Recrafting foreign policy: After weeks of impasse, panel makes headway

PCNS arrives at a consensus on linking resumption of NATO supplies to ending drone strikes.

Zahid Gishkori April 11, 2012

ISLAMABAD: Parties from across the political spectrum are close to converging on re-engagement with the United States.

They are willing to allow for the resumption of Nato supplies through Pakistan, if drone strikes are brought to a halt.

Lawmakers who attended a meeting of the Parliamentary Committee on National Security (PCNS) on Tuesday said the panel is close to finalising a fresh draft of recommendations, but is focusing on an additional clause that would “force the US to stop drone strikes in Pakistan.”

“We have almost finalised a new draft that … all parties agree to,” the panel’s chairman Senator Raza Rabbani told reporters after the meeting.

Optimistic after Tuesday’s meeting, Rabbani said the all-party, bicameral panel had succeeded in evolving a consensus after extensive consultations with all stakeholders – military, political and religious leadership.

Opposition’s reaction

A representative of the largest opposition party, the Pakistan Muslim League-Nawaz, said his party will look at the draft and take a decision on the fresh recommendations after consultations.

“Our party will discuss the new draft and is likely to approve it this time around,” said Mehtab Abbasi while talking to The Express Tribune after the meeting.

The government, meanwhile, is trying to convince the Jamiat Ulema-e-Islam-Fazl (JUI-F) to give its input for the new draft.

The party continued its protest and boycotted the recent meeting of the PCNS.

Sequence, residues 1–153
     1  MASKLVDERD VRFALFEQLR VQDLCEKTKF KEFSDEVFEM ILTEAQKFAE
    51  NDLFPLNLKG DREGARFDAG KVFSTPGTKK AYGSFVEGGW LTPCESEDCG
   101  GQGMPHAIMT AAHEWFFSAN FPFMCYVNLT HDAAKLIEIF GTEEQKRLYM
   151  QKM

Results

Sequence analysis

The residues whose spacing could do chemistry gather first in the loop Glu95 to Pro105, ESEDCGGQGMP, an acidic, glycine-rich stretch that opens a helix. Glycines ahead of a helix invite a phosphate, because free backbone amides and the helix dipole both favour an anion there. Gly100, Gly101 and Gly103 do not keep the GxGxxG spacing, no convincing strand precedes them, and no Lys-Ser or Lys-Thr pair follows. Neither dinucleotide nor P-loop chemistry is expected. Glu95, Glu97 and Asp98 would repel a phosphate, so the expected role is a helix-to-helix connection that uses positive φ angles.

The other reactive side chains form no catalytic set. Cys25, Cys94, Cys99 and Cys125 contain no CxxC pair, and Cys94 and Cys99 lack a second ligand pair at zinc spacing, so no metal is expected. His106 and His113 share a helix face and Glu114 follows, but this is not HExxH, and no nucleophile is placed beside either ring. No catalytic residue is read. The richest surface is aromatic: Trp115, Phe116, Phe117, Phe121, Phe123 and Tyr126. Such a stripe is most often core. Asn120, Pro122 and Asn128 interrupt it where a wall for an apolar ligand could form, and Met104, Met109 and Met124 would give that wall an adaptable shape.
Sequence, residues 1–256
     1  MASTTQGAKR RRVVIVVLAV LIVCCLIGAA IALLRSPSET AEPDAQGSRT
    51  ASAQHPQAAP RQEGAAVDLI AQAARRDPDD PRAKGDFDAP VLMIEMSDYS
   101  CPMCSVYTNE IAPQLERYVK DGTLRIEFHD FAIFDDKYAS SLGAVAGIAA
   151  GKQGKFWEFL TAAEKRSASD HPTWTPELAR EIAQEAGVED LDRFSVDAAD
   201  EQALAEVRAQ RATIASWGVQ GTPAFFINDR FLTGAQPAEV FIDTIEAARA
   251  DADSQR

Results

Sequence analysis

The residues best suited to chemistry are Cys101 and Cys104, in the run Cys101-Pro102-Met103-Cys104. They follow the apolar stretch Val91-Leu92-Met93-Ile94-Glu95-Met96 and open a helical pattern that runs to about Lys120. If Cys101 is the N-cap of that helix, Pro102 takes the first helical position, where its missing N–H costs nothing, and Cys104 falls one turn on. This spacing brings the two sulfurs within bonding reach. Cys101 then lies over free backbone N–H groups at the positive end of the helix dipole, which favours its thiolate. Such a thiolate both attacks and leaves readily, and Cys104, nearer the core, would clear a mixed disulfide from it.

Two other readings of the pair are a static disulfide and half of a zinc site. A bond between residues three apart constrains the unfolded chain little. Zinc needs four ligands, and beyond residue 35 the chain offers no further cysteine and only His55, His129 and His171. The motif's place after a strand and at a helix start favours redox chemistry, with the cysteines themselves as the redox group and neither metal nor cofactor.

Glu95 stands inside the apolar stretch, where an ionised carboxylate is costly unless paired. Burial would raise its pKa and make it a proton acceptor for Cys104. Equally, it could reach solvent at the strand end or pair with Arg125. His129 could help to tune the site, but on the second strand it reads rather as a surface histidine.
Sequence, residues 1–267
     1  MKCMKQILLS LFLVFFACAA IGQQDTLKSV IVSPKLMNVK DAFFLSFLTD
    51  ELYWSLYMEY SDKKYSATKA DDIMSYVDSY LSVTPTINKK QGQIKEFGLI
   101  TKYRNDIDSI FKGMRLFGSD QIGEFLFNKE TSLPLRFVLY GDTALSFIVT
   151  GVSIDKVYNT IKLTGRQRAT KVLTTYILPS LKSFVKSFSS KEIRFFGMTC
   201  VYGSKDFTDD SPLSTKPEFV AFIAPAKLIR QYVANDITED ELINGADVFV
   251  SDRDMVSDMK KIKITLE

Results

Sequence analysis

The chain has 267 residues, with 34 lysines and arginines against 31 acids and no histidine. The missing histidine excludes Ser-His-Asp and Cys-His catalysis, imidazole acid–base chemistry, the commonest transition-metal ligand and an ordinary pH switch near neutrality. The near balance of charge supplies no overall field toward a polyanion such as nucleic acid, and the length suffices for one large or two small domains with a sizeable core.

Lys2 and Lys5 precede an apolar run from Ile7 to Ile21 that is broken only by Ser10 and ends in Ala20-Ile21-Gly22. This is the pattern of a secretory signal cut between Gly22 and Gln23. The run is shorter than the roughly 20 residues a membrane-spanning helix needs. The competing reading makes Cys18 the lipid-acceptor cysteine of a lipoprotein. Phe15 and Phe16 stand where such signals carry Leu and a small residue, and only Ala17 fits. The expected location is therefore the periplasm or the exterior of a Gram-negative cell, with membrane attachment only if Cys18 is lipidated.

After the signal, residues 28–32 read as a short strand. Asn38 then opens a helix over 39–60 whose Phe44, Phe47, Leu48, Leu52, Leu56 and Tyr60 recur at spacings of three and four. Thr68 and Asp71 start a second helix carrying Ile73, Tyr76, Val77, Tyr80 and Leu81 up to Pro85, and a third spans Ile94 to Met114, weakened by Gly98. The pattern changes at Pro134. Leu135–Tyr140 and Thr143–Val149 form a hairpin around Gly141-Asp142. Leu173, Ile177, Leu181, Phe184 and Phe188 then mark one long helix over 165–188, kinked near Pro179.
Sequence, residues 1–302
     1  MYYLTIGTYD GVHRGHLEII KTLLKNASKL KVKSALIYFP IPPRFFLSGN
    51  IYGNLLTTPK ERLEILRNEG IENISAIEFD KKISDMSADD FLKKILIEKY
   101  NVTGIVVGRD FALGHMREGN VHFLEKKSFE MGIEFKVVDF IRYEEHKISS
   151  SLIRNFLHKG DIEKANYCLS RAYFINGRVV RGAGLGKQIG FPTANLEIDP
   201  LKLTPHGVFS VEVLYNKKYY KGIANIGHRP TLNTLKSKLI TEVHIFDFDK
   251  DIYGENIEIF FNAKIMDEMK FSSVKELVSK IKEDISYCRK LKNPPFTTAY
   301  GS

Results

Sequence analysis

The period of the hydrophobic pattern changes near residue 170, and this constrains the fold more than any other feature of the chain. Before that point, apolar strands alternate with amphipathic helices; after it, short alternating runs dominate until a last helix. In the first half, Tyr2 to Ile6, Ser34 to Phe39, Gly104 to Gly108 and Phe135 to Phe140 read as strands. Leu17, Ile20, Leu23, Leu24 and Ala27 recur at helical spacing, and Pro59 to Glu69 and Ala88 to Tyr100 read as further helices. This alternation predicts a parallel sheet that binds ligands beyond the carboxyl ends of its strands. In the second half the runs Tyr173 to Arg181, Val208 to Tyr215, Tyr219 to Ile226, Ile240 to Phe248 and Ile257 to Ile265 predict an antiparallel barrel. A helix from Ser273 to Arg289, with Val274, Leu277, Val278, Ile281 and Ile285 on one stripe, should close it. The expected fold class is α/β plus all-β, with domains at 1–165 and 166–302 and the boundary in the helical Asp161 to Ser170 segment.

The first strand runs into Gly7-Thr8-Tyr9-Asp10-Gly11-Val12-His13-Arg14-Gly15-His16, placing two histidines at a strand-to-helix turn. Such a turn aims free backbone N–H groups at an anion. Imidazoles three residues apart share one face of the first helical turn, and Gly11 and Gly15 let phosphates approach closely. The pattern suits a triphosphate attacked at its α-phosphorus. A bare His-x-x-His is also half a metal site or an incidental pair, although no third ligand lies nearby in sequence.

Sources in the JUI-F told The Express Tribune that the party will not accept the new recommendations.

“We have nothing to do with the new draft, we will continue our boycott,” said a senior party official.

Other changes

The move to link the resumption of Nato supplies with a halt to drone strikes remained a key proposal on Tuesday.

Members of the panel also agreed to drop proposals from the original draft calling for transparency about the presence of foreign intelligence operatives in Pakistan, officials told The Express Tribune.

The clause which justifies the presence of foreign troops near border areas will also be dropped.

Members of the panel hoped they will succeed in finalising the draft on Thursday, when they meet again.

The draft will then be handed over to the National Assembly speaker for further deliberation in the ongoing joint sitting of parliament.

Published in The Express Tribune, April 11th, 2012.


Cautious | 9 years ago | Reply

You must think the USA is naive --- dragging out foreign policy decisions effectively means that the status quo is your the foreign policy. As such - the USA knows your not an ally - not even a friends - and hopefully will respond in kind.

Rafaqat | 9 years ago | Reply

@Blithe: If you trust no body and respect no body, how do you live ?

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